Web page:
My close plans are connected to vCenter Orchestrator (vCO). I enjoy vCO’s ability to work in complex environments, integrate the different tiers quickly, and its ability to coordinate the exchange of information. Last year the market adoption of vCO exceeded all expectations. This brings with itself new challenges, so my team must optimize the way we test, support, and get the tasks done. Our customers trust us and we should always respond with great respect.

 

 

 

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Kristine Dahl Steidel, VMware Norway Country Manager shares the paths and people that have shaped her both professionally and personally

International Women’s Day (Friday, March 8) is a global day commemorating the economic, political & social achievements of women past, present and future.

To celebrate, we are recognizing nine VMware women (three a week for the next few weeks) who are helping to drive what’s next for the company and the IT industry by their everyday contributions Today we hear from Kristine about her ever-evolving career, life at VMware and the women that have inspire her to grow!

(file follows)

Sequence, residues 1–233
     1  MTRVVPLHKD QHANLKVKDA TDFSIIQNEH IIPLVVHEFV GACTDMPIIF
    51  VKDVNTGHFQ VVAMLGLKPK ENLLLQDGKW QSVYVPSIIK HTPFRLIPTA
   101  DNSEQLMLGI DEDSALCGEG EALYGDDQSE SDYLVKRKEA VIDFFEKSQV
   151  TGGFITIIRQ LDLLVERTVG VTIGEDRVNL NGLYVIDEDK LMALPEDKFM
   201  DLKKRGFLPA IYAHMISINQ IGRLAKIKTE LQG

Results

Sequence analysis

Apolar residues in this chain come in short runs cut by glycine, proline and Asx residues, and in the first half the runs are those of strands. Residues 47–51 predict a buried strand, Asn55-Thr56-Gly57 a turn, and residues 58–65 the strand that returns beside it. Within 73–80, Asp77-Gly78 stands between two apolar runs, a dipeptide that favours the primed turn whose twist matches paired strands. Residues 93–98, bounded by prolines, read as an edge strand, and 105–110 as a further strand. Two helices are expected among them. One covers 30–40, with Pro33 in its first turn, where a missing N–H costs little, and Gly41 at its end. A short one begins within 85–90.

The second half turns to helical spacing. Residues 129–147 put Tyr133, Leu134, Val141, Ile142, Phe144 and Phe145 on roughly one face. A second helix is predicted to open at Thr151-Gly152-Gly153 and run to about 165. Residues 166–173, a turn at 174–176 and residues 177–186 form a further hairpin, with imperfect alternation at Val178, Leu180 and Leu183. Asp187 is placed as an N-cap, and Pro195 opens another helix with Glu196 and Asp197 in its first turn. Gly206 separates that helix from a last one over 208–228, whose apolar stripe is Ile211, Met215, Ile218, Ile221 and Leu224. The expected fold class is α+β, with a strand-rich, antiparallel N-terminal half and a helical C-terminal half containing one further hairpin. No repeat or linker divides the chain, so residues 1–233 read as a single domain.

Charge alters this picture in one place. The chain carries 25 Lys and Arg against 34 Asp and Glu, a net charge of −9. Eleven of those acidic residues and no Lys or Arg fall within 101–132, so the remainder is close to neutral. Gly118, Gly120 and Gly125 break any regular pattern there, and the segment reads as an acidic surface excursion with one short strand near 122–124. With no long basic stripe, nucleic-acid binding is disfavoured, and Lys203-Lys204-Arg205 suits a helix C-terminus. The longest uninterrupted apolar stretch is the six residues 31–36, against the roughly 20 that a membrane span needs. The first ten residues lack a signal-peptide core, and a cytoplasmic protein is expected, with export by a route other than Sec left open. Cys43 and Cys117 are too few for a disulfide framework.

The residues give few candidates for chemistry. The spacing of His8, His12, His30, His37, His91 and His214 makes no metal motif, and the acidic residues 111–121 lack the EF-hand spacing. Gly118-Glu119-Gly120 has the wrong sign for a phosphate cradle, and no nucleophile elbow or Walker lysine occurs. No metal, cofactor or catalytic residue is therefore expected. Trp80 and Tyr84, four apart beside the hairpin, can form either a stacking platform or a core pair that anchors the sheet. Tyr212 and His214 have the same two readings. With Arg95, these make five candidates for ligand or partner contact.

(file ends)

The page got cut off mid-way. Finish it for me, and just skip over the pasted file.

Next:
Spotlight on: Kristine Dahl Steidel, Country Manager

Years at VMware: 7

Office Location: Oslo, Norway

Personal mantra or favorite quote: Carpe Diem

 

How did you get started in software technology and what led you to where you are today?

In 1997, I was studying social sciences at the University in Oslo, and planned to apply for the professional clinical programme in psychology. At that time the programme was full and they would not admit new students so I got a job while waiting for an opening, and came over a position as a junior sales consultant in a small start-up company called Lantec. The energy in the company, the highly motivated people working there and the speed of change in the industry really attracted me, so even though I first signed up as a contractor I soon realized that I wanted to stay in this business. Eventually, I signed a permanent contract, with the clause that I could finish a Masters Degree in Management and Organizational Behavior at the Norwegian Business School. Even though that meant working full time, while pursuing my Masters Degree for almost 7 years, I never regretted that decision!

What is one of your major career goals for the year?